Bob's Final Drill

From left to right: HR Director Paul Tirebuck with Bob Morris, HR administrator Hannah Edgington and Business Unit Manager Duncan Crawford, with firefighters Paul Scott and Mark Farmer and creamery employees. Back right are Shropshire and Wrekin Fire Authority chairman Stuart West, vice chairYvonne Holyoak and Chief Fire Officer Alan Taylor.

Minsterley firefighter Bob Morris is hanging up his helmet after a 38 year career with Shropshire Fire and Rescue Service.

Bob (60) followed his father into the retained fire service joining Worthen Fire Station in December 1970. Over the years he has turned out at all times of the day and night to put out fires in homes, farms and fields as well as rescuing motorists after car crashes.

A farm worker for 30 years, Bob now works in the cold store at St Ivel's Uniq food manufacturer's in Minsterley – one of the fire services valued employers' who allow four of their staff to turn out for emergency calls with the fire service during working hours.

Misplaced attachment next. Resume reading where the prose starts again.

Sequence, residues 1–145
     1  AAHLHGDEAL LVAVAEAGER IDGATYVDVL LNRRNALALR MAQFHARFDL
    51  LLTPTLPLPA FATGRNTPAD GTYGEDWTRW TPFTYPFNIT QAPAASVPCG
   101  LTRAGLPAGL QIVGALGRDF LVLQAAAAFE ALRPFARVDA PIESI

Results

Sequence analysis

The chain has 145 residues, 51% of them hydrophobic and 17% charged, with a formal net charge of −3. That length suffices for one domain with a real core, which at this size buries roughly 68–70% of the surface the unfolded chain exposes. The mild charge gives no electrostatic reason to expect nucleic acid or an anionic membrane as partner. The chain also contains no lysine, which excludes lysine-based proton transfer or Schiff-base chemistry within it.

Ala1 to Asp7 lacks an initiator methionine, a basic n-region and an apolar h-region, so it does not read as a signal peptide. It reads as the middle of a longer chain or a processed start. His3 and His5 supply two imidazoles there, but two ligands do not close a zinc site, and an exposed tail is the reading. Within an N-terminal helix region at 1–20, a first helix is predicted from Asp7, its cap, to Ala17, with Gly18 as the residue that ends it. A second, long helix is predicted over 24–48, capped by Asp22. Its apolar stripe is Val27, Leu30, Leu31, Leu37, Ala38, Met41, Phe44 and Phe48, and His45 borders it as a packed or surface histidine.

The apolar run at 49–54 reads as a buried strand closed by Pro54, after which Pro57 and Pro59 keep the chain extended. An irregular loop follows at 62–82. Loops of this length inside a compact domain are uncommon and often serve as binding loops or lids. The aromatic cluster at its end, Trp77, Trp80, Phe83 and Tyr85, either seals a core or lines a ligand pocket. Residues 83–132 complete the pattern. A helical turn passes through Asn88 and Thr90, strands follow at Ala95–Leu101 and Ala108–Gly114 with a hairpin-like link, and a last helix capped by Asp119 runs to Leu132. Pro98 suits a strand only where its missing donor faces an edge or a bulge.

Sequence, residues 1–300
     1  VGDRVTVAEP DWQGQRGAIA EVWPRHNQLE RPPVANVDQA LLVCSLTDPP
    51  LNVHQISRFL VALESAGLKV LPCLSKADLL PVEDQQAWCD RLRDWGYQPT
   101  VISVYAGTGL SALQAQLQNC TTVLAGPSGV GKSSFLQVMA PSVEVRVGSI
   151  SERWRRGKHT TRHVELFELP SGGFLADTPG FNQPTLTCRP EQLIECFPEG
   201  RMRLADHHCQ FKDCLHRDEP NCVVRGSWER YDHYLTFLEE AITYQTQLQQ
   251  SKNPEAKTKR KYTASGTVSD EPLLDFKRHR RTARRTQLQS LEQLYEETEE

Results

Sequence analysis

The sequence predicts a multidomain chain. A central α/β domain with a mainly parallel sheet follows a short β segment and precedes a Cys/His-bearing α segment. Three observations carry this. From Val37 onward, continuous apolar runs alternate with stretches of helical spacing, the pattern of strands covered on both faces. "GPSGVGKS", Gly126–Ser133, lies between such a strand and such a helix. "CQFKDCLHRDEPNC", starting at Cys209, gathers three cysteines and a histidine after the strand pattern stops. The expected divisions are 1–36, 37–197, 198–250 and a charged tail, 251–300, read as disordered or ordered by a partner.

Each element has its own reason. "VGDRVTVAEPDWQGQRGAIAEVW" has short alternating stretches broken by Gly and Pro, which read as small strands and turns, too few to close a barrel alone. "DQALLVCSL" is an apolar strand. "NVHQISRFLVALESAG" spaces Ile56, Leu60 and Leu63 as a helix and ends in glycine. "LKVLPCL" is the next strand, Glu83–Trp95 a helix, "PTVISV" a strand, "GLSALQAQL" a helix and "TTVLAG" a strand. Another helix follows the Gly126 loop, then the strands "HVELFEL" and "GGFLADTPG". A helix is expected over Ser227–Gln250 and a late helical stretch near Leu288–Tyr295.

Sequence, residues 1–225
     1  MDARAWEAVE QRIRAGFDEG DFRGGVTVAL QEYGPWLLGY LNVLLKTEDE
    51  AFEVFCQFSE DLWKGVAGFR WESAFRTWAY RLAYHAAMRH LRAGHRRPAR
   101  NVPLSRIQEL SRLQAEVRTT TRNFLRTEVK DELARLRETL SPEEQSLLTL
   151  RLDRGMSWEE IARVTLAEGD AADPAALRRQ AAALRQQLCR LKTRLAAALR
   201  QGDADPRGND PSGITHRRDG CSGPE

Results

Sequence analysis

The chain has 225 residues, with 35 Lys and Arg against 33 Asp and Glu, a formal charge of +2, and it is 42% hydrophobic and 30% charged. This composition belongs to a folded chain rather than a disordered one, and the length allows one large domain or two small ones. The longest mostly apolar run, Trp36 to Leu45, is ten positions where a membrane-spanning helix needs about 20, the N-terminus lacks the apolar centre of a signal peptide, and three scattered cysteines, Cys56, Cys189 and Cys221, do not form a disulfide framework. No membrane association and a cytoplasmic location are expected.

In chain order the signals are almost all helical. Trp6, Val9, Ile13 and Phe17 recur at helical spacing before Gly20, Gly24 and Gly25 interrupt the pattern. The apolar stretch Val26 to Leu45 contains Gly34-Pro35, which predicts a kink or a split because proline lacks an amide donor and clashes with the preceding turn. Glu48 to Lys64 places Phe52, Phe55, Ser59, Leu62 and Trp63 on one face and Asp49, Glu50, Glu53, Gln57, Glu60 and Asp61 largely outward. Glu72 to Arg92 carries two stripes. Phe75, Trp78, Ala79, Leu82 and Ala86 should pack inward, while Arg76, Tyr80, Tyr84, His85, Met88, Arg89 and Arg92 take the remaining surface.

Chief Fire Officer Alan Taylor praised the company for allowing so many of its employees to carry out fire and rescue emergencies in the community. He presented the company with a framed certificate thanking them for their support.

"Without employers' like Uniq we would be struggling to have enough retained firefighters to carry out their duties in rural Shropshire. We are very grateful to them and all the other Shropshire employers' who help us in the same way."

Bob recalled his crew being the first on the scene to deal with shocked and injured passengers after a head on train crash at Westbury station in Spring 1987.

"It took ten feet off the front of each train. We were the first machine there and it was quite a crash causing a few broken bones," said Bob, watch manager at both Worthen and Minsterley fire stations.

He was on duty with his crew for the first major blaze at COD Donnington in Telford but it was a fire at the Stiperstones which raged for six weeks during the boiling hot Summer of 1976 which really stuck in Bob's mind.

"We were there at one stretch for 27 hours trying to beat it out. There was not enough water to deal with it. When the sun came up in the morning it would be on fire and burning underground. Finally they dug a firebreak around it with bulldozers to stop it."

Retirement as a retained firefighter means Bob can now enjoy a relaxing pint in his local, the Bridge Hotel.

"It will be nice to enjoy a pint without having to leave it behind."

Bob added: "I will miss it. You are helping people in distress and I would recommend anyone to join the retained fire service. It's been well worth it."

10th December, 2008